“Blade Runner” must run relay first leg – IAAF

DAEGU, South Korea, (Reuters) – Double amputee Oscar Pistorius must run the first leg for South Africa if he is to  take part in the 4x400m relay at the world championships,  athletics governing body said yesterday.

“This person is a particular case,” IAAF head Lamine Diack  said of the athlete who runs with carbon fibre prosthetic blades  in place of his lower legs, which were amputated before he was a  year old due to a congenital condition.

“The only thing we said to the South African federation is  that if he wants to run in the relay, he must run the first leg  to avoid danger to other athletes.”

Oscar Pistorius

The 24-year-old, who will become the first double amputee  athlete to compete at the world championships, said he would be  proud just to be picked for the relay team and would run  whichever leg team management told him to.

“We haven’t confirmed the positions of the relay, or if I’m  even in the relay yet,” Pistorius told reporters, adding that he  knew which positions made the “best sense”.

“If I get any opportunity to run in the relay I’ll be proud  just to do that. I’ve run in many relays in different legs and  I’ve never had a problem or an incident so I’ll just listen to  what they say and give it my best.”

Pistorius first competed against able-bodied athletes in  2007 but the IAAF then amended its rules to ban the use of “any  technical device that incorporates springs, wheels or any other  element that provides a user with an advantage over another  athlete not using such a device”.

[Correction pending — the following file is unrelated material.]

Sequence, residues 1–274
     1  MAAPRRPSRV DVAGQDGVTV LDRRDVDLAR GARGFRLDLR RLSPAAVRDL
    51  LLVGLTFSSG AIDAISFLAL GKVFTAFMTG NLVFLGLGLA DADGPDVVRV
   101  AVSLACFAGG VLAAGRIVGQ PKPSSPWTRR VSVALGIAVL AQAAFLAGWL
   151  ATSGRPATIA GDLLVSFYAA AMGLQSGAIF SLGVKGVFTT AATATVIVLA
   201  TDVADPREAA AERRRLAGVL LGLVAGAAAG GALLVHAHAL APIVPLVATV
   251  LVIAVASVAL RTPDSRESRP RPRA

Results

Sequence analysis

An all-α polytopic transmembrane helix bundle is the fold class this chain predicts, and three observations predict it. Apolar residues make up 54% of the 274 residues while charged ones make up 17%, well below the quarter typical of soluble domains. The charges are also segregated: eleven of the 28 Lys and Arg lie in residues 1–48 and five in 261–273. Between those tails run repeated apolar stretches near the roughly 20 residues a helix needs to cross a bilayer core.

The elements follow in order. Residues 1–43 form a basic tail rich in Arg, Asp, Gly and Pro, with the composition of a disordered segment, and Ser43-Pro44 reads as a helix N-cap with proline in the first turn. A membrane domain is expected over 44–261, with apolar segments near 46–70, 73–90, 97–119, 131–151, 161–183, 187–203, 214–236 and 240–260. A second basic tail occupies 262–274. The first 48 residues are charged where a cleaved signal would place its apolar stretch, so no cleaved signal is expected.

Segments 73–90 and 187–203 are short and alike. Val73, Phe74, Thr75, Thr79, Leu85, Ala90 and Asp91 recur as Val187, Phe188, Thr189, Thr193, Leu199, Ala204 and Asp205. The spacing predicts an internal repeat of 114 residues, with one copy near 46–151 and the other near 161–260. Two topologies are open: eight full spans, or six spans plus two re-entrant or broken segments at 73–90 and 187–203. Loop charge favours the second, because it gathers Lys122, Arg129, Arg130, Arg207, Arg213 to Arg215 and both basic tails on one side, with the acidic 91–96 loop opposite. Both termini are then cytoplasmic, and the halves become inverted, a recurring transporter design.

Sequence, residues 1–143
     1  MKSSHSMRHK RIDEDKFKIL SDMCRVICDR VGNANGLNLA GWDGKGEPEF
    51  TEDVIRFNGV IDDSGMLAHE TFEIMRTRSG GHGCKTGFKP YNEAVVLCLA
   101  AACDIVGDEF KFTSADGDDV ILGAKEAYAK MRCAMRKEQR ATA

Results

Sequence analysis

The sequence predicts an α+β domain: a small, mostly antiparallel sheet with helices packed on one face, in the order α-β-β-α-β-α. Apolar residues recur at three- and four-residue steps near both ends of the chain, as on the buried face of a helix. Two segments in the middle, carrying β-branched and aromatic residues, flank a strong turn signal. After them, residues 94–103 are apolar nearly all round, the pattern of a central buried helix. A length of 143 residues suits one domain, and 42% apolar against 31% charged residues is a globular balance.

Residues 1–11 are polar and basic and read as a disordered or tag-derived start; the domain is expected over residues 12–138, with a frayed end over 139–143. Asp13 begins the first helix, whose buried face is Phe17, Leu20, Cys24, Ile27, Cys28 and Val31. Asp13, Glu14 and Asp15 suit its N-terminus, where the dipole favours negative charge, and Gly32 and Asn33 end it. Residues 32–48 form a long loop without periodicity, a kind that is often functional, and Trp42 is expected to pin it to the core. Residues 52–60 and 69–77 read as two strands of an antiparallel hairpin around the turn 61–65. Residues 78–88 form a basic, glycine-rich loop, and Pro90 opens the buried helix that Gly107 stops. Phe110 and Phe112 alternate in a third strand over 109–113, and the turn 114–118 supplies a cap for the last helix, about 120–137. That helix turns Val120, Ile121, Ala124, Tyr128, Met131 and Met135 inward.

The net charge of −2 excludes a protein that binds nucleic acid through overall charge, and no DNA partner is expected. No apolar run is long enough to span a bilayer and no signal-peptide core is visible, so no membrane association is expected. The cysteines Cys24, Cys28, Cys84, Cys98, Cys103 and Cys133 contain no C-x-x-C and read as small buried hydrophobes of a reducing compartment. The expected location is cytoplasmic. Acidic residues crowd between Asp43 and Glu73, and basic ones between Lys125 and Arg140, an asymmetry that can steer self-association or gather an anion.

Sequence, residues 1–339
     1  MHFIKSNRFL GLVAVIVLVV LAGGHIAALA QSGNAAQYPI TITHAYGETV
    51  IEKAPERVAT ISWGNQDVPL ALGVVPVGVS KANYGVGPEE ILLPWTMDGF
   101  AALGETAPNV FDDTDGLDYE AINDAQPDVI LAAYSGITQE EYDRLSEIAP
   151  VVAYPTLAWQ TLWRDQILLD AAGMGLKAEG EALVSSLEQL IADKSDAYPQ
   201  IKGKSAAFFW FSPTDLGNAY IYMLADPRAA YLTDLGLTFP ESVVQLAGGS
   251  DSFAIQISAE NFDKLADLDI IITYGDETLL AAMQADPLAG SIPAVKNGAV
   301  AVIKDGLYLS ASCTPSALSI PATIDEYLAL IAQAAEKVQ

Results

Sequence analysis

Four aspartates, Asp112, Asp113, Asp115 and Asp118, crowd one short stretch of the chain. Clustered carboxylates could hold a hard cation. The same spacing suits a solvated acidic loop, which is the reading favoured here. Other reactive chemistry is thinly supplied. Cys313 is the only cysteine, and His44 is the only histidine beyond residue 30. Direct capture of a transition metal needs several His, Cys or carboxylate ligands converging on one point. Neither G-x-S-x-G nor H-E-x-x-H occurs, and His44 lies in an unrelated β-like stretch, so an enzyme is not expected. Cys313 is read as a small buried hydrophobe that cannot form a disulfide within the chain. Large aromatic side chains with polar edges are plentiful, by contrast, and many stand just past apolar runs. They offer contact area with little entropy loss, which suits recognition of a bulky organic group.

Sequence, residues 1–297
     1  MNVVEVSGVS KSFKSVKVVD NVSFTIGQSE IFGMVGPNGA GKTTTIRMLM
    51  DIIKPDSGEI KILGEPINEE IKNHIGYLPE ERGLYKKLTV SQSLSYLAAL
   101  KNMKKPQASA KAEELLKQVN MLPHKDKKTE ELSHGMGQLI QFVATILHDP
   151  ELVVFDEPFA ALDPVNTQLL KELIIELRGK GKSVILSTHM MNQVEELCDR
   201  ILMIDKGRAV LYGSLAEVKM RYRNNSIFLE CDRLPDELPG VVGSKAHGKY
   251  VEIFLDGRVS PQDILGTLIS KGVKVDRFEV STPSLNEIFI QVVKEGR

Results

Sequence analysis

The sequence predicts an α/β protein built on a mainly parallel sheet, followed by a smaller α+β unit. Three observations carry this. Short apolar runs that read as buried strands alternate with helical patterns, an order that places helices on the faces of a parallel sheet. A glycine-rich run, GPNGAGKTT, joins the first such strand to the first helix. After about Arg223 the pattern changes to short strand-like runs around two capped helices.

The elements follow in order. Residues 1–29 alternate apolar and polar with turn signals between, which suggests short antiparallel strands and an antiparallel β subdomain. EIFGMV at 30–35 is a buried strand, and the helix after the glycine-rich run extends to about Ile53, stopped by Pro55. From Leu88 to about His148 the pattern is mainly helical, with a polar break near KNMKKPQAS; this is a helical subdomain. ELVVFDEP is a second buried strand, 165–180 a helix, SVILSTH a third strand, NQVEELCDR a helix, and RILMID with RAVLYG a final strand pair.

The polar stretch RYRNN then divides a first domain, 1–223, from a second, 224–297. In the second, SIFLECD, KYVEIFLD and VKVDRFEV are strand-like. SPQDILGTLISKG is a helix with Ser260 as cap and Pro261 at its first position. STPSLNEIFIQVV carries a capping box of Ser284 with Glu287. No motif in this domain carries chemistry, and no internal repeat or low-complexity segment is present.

In the following year the world governing body said  scientific research had shown Pistorious enjoyed an advantage  over able-bodied athletes and banned him from competitions held  under their rules.

However, the decision was over-ruled by the Court of  Arbitration for Sport, making Pistorius eligible for the 2008  Beijing Olympics although he was unable to qualify for the South  African team, winning gold medals instead in the Paralympic 100,  200 and 400.

The South African accepted that there would always be a  certain degree of controversy on the issue. He said he had  “great respect” for Diack and the IAAF and that all he could do  was to follow the rules, train hard and do his best on the  track.

Michael Johnson, who won the world 400 title four times and  still holds the world record of 43.18, said he supported  Pistorius competing in Daegu.

“I’ve been clear about my position from the very beginning.  I’m supportive of Oscar because the rules state that he can  compete,” said the American.

“My position on the rule is that probably more work should  be done. Now that there’s this controversy again I think people  are unsure.”

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